Throwaway Comments Aren't, Really – Allegory Inc.

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Throwaway Comments Aren’t, Really

By Christina Harbridge

This is the third installment in a series on Irrational Habits, the very human stuff that messes with our desired outcomes. So far, we’ve covered eclipsing outcomes with feelings and crowdsourcing discontent. Let’s talk about another common habit: using broad, sweeping statements when we’re frustrated, angry, or otherwise triggered. These seemingly casual, throwaway comments are anything but and can seriously mess with our outcomes. How so? Here are some common examples:

  • “We suck at execution.” A leader may consider this harmless venting, but other people hear that they suck. It’s natural for people to become resistant in a situation like this, so their listening often ends as soon as that broad, sweeping sentence does. Language like this rarely makes individuals realize they need to change their behavior, not least because it’s too vague to act on.
  • Our teams don’t know how to work together.” or “Engineering doesn’t know what they are doing.” If organizational outcomes depend on collaboration, these types of sentences reduce commitment and performance. They can feel like insulting attacks on character. And other people can use a leader’s broad, sweeping statements as a convenient excuse for their own poor performance. “It isn’t my fault, it’s engineering’s fault” can live on as a refrain long after the leader has said it.
  • “I don’t care if people quit. They don’t want to work, anyway.” This one comes up a lot in our current Great Resignation context. When managers don’t care if people quit, they reduce their focus on leadership behaviors that retain talent. Talented people may start looking for opportunity elsewhere, or quit in terms of committed performance while still on the payroll.
  • “Be careful what you ask for.” or ““I am surrounded by losers and lazy people!” Language intended to punish or warn others can be a form of self-sabotage, in that leaders scare people away from them and/or new things that person wanted to try. Broad, sweeping warning language puts people on guard. People can come to feel so badly about themselves when they are around leaders who speak this way, that they resist better performance and success long after words like this were said.

Here are three simple practices to keep language aligned with outcomes:

Practice #1
Avoid superlatives, hyperbole, and vague buzzwords.

Avoid applying negative, general statements to a group of people. Notice if you are speaking in buzzwords and get more concrete. Using specific language when giving feedback, for example, is a great way to practice moving away from broad, sweeping statements. Notice when you use a superlative (or are about to), and instead use a specific example with detail.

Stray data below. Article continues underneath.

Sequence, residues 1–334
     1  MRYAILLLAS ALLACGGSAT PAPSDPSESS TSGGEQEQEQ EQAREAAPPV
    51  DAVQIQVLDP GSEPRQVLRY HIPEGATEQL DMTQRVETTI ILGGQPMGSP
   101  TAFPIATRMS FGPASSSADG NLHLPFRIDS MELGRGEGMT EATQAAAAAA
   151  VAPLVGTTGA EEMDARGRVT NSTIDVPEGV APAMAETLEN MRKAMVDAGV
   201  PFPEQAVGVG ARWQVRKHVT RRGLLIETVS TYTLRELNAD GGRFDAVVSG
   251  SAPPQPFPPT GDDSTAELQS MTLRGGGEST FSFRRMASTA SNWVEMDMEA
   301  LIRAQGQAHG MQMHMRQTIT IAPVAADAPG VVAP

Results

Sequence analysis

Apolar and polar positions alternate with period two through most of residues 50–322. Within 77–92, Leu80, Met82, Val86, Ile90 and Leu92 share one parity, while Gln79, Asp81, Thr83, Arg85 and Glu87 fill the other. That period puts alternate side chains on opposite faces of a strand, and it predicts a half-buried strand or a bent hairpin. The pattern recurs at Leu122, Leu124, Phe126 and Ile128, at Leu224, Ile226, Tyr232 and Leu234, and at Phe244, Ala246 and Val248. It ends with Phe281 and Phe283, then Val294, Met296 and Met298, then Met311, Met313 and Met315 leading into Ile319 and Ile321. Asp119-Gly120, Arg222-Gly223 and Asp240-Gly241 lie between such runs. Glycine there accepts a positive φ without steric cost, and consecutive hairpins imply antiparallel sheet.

Instead of saying, “Great job, Casey!” try something like, “Casey, you nailed that choice of video for the campaign. You also did a great job pushing back on the CEO to get sign-off on it today.”

“Great job, Casey!” is nice and all, but it leaves Casey to decide what the great thing was, which may not be the same thing you thought was great. Vague language also doesn’t help Casey identify and repeat the great behavior in the future, because Casey doesn’t necessarily know exactly what is worth repeating. And frankly, superlatives rarely leave Casey feeling appreciated.

Likewise, saying “Casey, you lost all credibility in that meeting.” is something that can mess with Casey for a long time afterward. From this vague statement, Casey cannot tell what words or actions led to a loss in credibility, which also prevents Casey from correcting it. By contrast, telling Casey what, specifically, went wrong — “Hey, Casey, you mentioned that the CEO seemed defensive in that meeting, yet you interrupted her three times.” — is specific feedback that you and Casey can discuss.

Practice #2
Ask for examples when receiving broad statements or buzzwords.

Listen for broad, sweeping statements too. People often give feedback or direction that is vague and ambiguous. When you are on the receiving end of vague make sure you understand what someone else is saying to you. Ask for examples.

Let’s say a client says, “Your team could improve communication.” What does that really mean? You may think you need to talk more while your client thinks you should talk lessAsk for examples so that you can understand and have enough information to act on in the future.

Practice #3
The broad, sweeping statements in our heads are clues to help us make better decisions.

If we can “hear” ourselves thinking in broad, sweeping statements, then we can notice when we are frustrated or upset and do fewer “outcome reducing” behaviors while we’re having that sort of reaction. “Tyranny is the deliberate removal of nuance,” Albert Maysles once said. We can notice the tyranny hijacking our minds, pause before verbalizing it, and get closer to understanding our own BS.

For example, Pat thinks, “This client doesn’t know how to prioritize!” If Pat stops for a moment and gets curious about that broad, sweeping statement, they delay both decision-making and communication with the client. Pat can get curious about the specific example driving the thought, then do something concrete about it. By doing so, any email Pat sends will be more clear and less snarky.  

Be more tangible.

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